When photographer Tomiko Jones travels, she likes to make cyanotypes — a simple, alternative photo process that involves chemically treated paper and UV light — using the water from a local reservoir or river. The natural water can make the picture cloudy if it was a little muddy, but Jones likes the sense of place, even if it looks less than pristine.
“Everywhere I go I keep a little bag of four-by-four cyanotypes in my backpack and a piece of glass,” said Jones, a new assistant professor in the University of Wisconsin-Madison Art Department who moved to Wisconsin two months ago. “It’s such a simple process. It’s not fussy like platinum and it’s not super expensive. You can throw a piece in the sun and interesting things can happen.”
When she flew to Wisconsin for an interview during the winter, Jones made time to head to the lake to make a cyanotype. The water was frozen solid, which presented a minor wrinkle.
“It was kind of a cloudy day and the sun kept coming in and out,” Jones said. “And then my cab came and it wasn’t finished making. You need a certain amount of UV light to get that rich blue.
“I had made icicle prints in Tahoe so I knew it could work. I’m going to perfect the ice print when it’s winter in Madison.”
Jones has always been drawn to water, particularly the ecology, cultural history and social aspects of waterways and reservoirs. Born in Los Angeles, Jones spent several years of her childhood in Hawaii, where her Japanese American mother was from.
Jones went to college in Bellingham, Washington on the west coast and studied cultural anthropology before finding her way to photography through a vintage Rolleiflex.
“Working with a Rollei made me a photographer,” she said. “That camera turned me around.”
Her first experience with a twin lens reflex camera was when a teacher handed her a 1960s knockoff called a Pearl River and said, “go learn how to use this.” Holding a camera at chest level and looking down into the lens gave her a different kind of connection with her subject.
“That way of interacting with the world changed everything for me,” she said. “I always come back to that camera as a way of working when I have a hard time connecting or I’m uncomfortable.
“When I was photographing my dad, that was the way.”
Her father’s illness, death and the Buddhist ritual her family observed to memorialize him were the subjects of Jones’ recent work, “Hatsubon” (2016). “Hatusbon” opened most recently in a solo show at California State University in Fresno on Sept. 20.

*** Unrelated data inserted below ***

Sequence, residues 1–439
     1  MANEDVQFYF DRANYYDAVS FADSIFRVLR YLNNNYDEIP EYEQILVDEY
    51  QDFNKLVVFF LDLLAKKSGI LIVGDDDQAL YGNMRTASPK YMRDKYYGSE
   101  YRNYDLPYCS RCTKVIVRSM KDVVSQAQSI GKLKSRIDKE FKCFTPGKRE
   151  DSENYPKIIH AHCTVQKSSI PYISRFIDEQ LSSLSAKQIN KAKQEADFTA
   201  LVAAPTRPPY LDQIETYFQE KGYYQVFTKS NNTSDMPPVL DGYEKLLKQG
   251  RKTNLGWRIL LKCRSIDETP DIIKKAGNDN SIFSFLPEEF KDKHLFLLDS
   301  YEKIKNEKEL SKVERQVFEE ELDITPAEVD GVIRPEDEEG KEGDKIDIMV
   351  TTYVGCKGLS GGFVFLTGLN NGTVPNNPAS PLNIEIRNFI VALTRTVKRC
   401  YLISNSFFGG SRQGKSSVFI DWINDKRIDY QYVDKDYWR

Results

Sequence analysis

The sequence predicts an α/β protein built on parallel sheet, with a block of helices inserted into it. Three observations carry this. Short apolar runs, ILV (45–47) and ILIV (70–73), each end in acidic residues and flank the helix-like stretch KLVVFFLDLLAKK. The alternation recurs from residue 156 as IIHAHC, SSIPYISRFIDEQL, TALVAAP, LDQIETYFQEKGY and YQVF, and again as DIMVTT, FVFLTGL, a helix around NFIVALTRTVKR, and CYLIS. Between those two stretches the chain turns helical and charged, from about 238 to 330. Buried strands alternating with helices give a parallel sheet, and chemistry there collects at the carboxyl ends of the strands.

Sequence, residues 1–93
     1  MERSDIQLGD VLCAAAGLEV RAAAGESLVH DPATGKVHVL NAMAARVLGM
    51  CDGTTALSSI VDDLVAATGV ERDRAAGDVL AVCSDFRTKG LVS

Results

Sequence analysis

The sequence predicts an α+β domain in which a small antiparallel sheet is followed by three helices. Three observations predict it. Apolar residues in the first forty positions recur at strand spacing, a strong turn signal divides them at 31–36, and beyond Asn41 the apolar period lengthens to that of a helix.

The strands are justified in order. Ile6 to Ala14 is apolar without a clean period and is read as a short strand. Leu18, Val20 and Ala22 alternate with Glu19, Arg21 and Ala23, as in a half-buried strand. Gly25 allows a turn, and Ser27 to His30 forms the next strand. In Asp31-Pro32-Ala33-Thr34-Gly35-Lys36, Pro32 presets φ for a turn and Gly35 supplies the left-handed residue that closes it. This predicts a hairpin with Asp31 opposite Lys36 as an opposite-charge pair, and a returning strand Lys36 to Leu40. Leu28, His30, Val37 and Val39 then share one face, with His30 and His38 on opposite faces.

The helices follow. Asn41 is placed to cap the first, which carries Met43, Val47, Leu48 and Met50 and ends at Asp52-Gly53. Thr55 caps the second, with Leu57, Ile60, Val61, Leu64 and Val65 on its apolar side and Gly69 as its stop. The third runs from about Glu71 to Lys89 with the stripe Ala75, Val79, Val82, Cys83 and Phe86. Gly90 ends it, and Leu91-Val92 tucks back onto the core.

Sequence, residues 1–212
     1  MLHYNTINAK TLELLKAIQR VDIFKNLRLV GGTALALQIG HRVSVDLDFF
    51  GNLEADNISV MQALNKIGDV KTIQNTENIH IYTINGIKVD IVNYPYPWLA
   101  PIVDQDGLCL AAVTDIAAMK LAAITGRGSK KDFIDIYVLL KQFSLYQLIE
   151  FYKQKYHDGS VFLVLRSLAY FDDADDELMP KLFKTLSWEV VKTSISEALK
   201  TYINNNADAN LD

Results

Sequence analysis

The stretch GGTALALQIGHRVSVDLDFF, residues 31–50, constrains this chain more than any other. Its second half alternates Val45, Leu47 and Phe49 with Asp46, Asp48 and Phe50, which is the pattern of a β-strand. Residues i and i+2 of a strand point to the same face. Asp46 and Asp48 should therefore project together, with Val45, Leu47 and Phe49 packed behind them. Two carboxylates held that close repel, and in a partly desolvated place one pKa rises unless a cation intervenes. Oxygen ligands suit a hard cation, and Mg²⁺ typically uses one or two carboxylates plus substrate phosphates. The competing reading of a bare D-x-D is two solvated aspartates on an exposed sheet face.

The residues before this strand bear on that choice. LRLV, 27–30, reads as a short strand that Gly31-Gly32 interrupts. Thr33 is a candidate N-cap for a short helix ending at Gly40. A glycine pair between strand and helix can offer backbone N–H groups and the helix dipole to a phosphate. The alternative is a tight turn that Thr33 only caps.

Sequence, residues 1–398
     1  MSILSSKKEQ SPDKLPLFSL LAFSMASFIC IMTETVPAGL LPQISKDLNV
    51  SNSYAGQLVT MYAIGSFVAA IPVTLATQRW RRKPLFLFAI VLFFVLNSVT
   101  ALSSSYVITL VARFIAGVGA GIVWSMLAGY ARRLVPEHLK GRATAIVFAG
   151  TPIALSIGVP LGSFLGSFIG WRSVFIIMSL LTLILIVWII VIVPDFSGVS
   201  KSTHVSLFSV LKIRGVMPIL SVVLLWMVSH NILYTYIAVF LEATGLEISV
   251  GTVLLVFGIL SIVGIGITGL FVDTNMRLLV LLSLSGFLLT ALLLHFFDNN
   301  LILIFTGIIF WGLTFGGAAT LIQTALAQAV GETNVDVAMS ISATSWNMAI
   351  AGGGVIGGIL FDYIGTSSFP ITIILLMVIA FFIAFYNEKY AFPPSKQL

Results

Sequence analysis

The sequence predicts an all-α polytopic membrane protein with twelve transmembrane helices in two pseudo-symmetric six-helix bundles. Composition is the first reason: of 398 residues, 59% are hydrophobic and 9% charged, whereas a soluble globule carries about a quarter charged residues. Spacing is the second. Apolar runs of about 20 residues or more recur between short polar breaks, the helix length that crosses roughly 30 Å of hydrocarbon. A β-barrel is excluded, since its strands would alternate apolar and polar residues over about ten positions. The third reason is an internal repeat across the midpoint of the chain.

As part of creating “Hatsubon,” Jones carved an oar out of cherry wood, a reference to some of her father’s last words. She and her mother and sister made yukata, similar to kimono, and built a boat of bamboo and beeswax paper that they launched into the sea. A few images of that moment are part of the exhibition.
“Everything you see in ‘Hatsubon’ is passage, the idea of the spirit passing, and humans accepting that loss and grief and sending it to sea,” Jones said.
Also part of the exhibition are images, set in small walnut frames like reliquaries, taken during her father’s last illness, portraits of him and poetic images of light through the trees.
There is also video of water filmed in Hawaii, on the Monongahela River in Pennsylvania (where her father was from) and off the California coast. The video streams onto shimmering, suspended moons above reflecting pools.
“I’ve never made a work I’ve been so guided in,” Jones said. “I was guided by cultural tradition, by (my father), by my mother and sister. There’s always a lot of personal narrative in the work, but this is the first time it was so clearly autobiographical.”
She thought, “if I give myself up to the practice of making and allow myself to be guided it will come together. I just trusted it. And that’s really changed my practice.”
Because of her work around “Hatsubon,” Jones feels more open to chance than she’s ever been. It was also an endurance test, one that has helped her embrace the pace of her own work.
She sometimes deliberately shoots film instead of digital to give herself time between a moment and the image. She’s drawn to the spaces in between, the moments of transition like dusk and dawn.
Jones earned an MFA at the University of Arizona in Tucson and has done residencies all over the country, including recent stints in upstate New York and Mendocino County, California. She spent seven years teaching in Denver.
Jones comes to Madison after several professionally itinerant years, which she has explored in black and white with her Rolleiflex in “A Place to Rest” (2008-present).
The Great Lakes region is new to her. While she’s excited to learn more about the freshwater systems, she’s also not in a great rush.
“Sometimes I’m really project oriented and other times I’m just letting things build,” Jones said. “I do like working slow. … I’m a slow worker, even though I’m making (work) all the time.”
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